Mar 19

The road to Guadalajara

We never thought they would get through... the bus from Urique makes it through the blocked road about an hour after we did. Passengers had to get into the back to put more weight on the back wheels. Photo courtesy of Luke Atwood

After the big race day was over it was time for Tony and I to make a move.  A week earlier, I had received an email from Australian Immigration regarding the application for permanent residency that I had lodged 8 months prior; they needed more documentation from me and they wanted it fast.  I was almost out of cash anyways, so with a mixture of regret and relief I made arrangements to get Tony and I out of the canyon and back into civilisation.  Our eventual destination: Guadalajara.

Ultimately it would take us 12 days to reach Guadalajara, but first we had to get out of the canyon.  Tony had done very well in the canyon, but his tires were now completely shot, so we hitched a ride with the “magical Texan girls” – a couple of crazy gals in their early 50s from a small backwards town in Texas: Terlingua – it certainly sounds like an “interesting” place.   The 5 hour journey from Urique to Bahuichivo was not uneventful.  About 2 hours into our journey we came across a stuck truck blocking a bend in the road, for a long moment there we thought we would need to cancel our trip for the day, but then it was decided by the mexican truckers on the scene that we could widen the road instead.  So I rolled up my proverbial sleeves and we started moving the larger rocks out of the way to make room for our trucks.   It was a tight run, but we managed to get through.

I took a siesta on a bench in the Plaza Mayor of a little farm town Guisama, and woke up to find 30 school kids hovering over Tony and I. I felt like Guliver.

Once in Bahuichivo, it was the train back to Los Mochis.

One day in Los Mochis was enough to get Tony some cheap new Mexican tires – for a whopping $10 each – and start handling the paperwork for the Australian Government and the next day “Toño” and I were back on the road and riding for Guadalajara, a mere 900 km away.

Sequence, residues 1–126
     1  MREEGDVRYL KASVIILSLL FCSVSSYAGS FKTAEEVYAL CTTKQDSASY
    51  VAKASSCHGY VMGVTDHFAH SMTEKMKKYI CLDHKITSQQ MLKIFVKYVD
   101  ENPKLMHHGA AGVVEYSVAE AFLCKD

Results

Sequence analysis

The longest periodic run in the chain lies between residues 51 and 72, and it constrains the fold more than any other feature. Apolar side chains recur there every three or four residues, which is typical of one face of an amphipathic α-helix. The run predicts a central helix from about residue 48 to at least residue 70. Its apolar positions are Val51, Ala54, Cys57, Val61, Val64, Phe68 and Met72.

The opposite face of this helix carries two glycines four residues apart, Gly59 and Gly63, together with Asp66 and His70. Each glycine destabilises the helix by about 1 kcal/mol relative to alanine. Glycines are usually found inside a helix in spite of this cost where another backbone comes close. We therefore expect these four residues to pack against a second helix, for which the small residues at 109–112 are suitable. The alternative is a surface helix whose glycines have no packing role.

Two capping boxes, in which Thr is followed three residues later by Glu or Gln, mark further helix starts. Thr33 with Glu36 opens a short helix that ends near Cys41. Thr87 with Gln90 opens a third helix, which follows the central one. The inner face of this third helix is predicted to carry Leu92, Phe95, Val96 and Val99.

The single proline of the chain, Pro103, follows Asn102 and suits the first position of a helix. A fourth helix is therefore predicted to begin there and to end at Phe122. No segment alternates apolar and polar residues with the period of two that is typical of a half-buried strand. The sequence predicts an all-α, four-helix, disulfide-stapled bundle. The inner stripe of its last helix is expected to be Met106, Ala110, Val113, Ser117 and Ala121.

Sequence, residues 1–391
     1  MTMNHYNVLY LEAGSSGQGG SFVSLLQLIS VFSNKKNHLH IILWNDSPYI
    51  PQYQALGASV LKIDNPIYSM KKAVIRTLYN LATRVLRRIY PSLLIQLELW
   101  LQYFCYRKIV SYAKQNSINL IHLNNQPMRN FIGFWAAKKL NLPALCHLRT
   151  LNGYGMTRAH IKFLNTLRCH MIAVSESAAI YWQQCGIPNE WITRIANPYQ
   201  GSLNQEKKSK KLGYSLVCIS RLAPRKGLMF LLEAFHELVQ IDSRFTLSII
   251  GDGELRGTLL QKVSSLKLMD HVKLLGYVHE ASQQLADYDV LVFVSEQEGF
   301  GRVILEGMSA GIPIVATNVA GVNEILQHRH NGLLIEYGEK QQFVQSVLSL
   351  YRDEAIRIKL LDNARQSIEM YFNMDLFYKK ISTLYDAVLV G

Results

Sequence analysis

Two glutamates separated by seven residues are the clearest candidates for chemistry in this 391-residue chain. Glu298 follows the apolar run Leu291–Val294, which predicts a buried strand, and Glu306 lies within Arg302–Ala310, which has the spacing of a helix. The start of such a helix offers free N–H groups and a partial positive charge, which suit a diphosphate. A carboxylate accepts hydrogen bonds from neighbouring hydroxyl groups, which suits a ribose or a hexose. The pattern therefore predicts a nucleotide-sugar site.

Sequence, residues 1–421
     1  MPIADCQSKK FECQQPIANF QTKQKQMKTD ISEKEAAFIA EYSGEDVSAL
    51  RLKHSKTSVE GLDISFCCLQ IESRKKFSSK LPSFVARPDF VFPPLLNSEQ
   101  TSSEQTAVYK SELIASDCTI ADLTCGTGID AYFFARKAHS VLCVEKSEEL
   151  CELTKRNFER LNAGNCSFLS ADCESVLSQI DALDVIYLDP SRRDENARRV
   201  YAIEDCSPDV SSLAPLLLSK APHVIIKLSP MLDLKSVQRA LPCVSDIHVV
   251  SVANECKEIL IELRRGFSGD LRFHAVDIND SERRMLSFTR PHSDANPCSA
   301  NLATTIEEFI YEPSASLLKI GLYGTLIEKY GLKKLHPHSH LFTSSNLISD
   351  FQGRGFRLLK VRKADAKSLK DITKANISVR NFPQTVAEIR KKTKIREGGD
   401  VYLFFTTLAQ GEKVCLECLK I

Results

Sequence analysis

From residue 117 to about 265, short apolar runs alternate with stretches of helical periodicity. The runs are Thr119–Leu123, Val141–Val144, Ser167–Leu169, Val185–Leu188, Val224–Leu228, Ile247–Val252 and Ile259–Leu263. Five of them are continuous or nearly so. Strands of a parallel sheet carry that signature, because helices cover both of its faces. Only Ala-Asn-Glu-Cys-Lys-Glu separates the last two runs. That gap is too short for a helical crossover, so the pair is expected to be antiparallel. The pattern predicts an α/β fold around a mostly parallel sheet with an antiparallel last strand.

Bitten by the endurance bug – with a destination and a reason to be there quickly – we smashed this ride.  Day 2 out of Los Mochis we set a new record for our longest day by riding over 200 km.  As a result, it took us only 3 days to cover the 440 km from Los Mochis to Mazatlan, another record.  After a couple of days resting in Mazatlan – a nice enough city with fantastic seafood – we pushed hard and tackled the 5 day ride through intense heat (at one point my thermometer was reading 42C) and serious climbs (see the elevation profile) to Guadalajara.

Tony poses in front of the blue agave fields as we passes through Tequila country.

I arrived in Guadalajara looking disgusting.  My clothes were stiff boards of salt, my legs were covered in grease and “tanned” from an even coating of road dirt, and I smelled liked a mixture of ammonia, deet and compost.  But I was alive, and I had made it in time for my birthday.

Guadalajara is a huge city, and my first large sized city in Latin America.  Just dodging traffic and riding into it I could sense my mental image of Mexico undergoing a change of paradigmatic proportions.  This was not the dusty backwater-small town-ranch house-desert Mexico I had spent the last two months sweating away in!  This was completely different.  This was modern, trendy, cosmopolitan Mexico.

And I liked it.

Elevation Profile Los Mochis to Guadalajara


More photographs can be found here. 

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